Deciduous forest in Maruyama Park, Sapporo

Jack-in-the-pulpit, Maruyama Park

At night, we walked across the grassy field at the edge of Maruyama Park into the forest, turned on our UV flashlights, and immediately found a fluorescent green L. takakuwai emerging from the ground. Then, we found a second, a third, and eventually encountered about 50 millipedes. Levizonus takakuwai, like Californian xystodesmids, is nocturnal and fluorescent. The defense secretions of L. takakuwai are similar to Californian xystodesmids too, and they have less of a cherry odor and smell more like the burnt rubber aroma of Chonaphe, Harpaphe, Xystocheir, and other species from the U.S. West Coast. Having found two millipedes in six hours of collecting during the day and 50 millipedes in 15 minutes at night, we spent almost the entire trip collecting at night.

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Fieldwork in Japan (part 2)

In Tsukuba, which is about 50 km northeast of Tokyo, we met Tsutomu and his student Ryosuke Kuwahara. I really enjoyed meeting Ryosuke because he’s very enthusiastic about natural history and takes wonderful photographs of xystodesmid millipedes (here’s a link to his website). That evening, we visited Seiryuji Temple in Tsuchiuria and collected millipedes in a nearby forest. When we walked into the forest, a Luna moth flew in front of us and landed on a tree.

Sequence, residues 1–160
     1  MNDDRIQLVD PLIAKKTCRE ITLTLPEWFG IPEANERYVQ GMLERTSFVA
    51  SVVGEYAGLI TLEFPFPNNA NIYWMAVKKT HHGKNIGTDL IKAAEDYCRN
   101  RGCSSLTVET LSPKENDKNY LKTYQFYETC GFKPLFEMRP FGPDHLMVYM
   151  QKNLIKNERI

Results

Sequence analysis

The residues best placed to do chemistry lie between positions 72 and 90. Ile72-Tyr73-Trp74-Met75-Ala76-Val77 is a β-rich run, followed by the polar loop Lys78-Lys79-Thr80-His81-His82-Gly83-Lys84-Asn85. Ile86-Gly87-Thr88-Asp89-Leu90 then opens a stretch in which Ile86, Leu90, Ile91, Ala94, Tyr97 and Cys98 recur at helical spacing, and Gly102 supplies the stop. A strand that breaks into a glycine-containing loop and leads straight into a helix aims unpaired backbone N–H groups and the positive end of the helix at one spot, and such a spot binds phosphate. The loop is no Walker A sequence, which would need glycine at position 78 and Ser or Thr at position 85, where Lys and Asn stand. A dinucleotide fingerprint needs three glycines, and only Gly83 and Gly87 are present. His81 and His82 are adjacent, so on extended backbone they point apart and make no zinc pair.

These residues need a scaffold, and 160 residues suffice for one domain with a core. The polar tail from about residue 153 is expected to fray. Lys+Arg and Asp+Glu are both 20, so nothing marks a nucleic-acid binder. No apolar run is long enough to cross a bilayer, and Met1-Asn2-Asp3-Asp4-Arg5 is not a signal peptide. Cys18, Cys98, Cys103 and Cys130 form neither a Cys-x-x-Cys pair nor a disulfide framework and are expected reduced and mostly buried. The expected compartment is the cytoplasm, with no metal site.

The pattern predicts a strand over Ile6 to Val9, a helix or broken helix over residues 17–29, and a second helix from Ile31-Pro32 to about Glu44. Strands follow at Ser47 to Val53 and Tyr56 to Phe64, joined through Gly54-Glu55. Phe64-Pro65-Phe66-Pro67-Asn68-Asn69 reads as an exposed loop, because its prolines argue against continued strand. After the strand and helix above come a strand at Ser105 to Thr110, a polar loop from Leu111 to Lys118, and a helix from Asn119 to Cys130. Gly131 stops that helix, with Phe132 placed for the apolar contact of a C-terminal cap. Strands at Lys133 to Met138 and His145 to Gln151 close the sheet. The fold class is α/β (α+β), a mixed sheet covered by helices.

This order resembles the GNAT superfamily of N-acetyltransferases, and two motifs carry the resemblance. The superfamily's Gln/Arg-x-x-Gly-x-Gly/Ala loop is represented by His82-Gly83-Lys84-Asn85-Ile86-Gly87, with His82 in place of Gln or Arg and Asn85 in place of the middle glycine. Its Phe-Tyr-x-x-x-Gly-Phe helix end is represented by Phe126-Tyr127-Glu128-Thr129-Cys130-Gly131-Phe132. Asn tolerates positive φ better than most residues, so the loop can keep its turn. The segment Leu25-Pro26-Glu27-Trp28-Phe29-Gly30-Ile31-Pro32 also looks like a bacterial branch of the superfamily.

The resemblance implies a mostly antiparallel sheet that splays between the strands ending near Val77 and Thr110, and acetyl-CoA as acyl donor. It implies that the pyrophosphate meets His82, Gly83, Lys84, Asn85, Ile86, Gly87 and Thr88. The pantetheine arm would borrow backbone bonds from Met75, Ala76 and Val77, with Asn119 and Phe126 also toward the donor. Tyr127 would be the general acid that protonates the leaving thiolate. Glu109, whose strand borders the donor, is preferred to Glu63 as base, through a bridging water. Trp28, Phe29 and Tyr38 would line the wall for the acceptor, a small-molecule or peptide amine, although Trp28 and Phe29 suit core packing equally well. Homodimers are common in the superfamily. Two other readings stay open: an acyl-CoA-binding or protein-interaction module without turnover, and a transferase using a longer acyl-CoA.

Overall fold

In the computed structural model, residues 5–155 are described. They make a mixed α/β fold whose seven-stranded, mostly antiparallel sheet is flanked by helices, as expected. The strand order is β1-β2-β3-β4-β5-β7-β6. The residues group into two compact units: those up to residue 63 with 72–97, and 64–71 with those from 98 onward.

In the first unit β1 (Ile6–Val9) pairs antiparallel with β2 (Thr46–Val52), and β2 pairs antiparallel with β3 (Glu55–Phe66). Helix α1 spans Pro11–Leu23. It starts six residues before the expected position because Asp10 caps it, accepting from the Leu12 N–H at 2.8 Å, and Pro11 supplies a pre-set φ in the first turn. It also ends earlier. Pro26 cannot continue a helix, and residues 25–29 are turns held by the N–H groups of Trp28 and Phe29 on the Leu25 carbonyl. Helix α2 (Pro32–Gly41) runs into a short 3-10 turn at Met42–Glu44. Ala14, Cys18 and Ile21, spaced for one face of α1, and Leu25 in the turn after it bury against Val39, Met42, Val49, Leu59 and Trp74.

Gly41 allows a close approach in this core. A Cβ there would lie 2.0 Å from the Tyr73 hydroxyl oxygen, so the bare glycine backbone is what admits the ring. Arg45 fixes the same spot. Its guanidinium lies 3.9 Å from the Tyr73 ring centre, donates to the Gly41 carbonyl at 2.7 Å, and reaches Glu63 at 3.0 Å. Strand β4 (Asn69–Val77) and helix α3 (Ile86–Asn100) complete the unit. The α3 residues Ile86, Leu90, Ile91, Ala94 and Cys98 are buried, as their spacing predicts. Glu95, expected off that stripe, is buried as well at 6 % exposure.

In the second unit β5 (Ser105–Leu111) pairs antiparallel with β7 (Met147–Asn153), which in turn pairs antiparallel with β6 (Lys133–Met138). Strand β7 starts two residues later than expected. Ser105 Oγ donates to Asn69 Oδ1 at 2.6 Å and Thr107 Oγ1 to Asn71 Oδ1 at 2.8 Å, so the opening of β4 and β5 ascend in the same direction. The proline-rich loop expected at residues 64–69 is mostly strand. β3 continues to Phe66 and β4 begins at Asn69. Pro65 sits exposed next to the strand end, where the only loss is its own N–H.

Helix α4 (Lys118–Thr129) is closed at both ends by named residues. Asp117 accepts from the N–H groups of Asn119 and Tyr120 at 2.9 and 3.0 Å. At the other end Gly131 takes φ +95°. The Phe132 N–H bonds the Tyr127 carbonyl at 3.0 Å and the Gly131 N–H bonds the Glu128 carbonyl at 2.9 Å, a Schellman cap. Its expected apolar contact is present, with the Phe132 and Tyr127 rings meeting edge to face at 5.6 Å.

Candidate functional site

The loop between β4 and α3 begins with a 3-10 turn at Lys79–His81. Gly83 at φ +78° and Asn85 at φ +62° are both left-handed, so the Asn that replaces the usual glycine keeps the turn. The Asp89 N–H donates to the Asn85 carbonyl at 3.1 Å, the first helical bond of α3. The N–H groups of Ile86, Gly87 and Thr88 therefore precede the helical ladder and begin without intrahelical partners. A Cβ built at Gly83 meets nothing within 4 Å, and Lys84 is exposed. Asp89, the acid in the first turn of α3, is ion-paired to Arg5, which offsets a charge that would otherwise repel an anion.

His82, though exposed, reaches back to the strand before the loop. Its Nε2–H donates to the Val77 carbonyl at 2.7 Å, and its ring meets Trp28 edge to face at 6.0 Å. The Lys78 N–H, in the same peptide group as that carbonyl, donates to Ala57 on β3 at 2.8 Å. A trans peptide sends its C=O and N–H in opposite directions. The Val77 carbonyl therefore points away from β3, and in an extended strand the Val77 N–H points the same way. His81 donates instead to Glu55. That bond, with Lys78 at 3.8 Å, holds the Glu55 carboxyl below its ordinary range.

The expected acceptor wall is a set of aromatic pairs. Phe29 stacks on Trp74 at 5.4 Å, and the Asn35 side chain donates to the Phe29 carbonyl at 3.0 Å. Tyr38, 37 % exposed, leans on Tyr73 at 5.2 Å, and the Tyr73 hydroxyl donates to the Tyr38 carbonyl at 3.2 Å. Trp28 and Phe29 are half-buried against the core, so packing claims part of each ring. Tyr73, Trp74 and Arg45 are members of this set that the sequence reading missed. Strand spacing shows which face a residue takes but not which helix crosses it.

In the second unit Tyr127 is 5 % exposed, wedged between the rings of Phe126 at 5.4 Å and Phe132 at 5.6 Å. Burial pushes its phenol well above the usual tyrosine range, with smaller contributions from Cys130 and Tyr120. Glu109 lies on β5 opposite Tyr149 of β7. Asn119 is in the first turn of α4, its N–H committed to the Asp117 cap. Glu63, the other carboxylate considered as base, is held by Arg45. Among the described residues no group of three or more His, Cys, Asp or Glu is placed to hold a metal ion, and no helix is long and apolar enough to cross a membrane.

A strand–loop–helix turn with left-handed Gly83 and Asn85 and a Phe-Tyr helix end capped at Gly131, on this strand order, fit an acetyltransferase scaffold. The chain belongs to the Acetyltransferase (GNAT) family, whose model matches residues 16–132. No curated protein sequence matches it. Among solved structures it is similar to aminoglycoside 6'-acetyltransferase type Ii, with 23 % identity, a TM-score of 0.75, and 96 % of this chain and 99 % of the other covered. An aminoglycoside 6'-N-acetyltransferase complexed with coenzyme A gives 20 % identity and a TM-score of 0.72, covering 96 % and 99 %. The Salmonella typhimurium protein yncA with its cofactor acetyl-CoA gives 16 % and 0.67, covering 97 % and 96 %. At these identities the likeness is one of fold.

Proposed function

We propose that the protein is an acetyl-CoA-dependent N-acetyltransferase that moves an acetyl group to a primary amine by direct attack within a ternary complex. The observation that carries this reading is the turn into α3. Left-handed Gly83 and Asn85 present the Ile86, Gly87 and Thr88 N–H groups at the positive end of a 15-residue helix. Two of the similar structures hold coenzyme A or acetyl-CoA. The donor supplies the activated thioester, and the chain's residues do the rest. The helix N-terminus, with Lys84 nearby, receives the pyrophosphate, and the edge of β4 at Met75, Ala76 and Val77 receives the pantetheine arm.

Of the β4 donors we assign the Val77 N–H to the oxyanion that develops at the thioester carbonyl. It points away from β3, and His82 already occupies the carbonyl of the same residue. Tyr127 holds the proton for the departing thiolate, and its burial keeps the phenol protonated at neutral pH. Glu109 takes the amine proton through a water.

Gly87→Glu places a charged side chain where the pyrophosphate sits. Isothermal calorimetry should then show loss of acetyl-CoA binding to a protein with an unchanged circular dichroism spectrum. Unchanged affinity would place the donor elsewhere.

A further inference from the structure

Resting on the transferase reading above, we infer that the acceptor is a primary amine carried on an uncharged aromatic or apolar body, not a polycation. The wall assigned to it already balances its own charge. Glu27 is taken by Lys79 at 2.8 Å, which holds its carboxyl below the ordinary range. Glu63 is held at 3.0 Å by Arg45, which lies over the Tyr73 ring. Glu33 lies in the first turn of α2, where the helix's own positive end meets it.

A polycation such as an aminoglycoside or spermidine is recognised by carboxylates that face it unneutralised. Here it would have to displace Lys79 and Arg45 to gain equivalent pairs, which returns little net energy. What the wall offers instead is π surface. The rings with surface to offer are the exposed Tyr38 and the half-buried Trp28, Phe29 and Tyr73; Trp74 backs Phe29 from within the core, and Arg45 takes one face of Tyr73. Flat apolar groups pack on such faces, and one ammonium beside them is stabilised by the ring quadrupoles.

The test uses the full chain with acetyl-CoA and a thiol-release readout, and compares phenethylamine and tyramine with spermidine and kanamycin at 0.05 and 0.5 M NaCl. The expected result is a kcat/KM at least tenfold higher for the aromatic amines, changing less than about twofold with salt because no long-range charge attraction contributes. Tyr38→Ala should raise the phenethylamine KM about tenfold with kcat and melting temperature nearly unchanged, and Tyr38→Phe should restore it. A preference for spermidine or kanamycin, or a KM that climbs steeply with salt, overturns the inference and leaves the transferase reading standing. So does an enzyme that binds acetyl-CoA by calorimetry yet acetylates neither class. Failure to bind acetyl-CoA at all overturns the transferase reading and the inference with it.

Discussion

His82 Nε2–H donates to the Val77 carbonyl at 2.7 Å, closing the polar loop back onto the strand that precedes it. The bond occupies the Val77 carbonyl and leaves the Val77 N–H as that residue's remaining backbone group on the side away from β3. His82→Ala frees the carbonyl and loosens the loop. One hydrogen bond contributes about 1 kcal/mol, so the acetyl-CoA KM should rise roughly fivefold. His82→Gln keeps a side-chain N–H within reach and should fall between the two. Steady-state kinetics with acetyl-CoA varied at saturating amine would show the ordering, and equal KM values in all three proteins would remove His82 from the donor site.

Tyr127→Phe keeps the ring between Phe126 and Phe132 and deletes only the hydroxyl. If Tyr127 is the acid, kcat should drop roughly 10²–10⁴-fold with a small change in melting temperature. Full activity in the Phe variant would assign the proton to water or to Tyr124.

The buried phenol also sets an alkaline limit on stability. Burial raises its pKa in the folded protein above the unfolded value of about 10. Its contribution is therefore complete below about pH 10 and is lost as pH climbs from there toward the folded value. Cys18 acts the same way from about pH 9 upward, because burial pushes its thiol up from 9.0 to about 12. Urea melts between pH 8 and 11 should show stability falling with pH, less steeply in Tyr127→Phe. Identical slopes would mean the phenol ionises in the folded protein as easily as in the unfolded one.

The xystodesmid millipede Parafontaria tonominea

Often, finding millipedes is sporadic, and we spent about 20 minutes before we encountered the first xystodesmid, Parafontaria tonominea (Attems, 1899). That evening, we also found Parafontaria ishiii Shinohara, 1986 and Xystodesmus martensii (Peters, 1864). (Notably in 1895, Cook established the genus Xystodesmus and the family Xystodesmidae based on X. martensii, a species originally described by Peters in 1864 as Polydesmus martensii). With the moth and millipedes, there were other fascinating organisms in the forest including a gray hand-sized centipede, Scolopendra japonica C.L. Koch, 1878.

The xystodesmid millipede Parafontaria ishiii

It became clear that night collecting was the most productive. For example in Sapporo, we found two millipedes in six hours during the day and 50 millipedes in 15 minutes at night. Consequently, we spent our days planning fieldwork, resting for night-collecting, looking at Tsutomu’s natural history collections, and tending to the live millipedes (and of course eating a good amount of ramen).

Xystodesmus martensii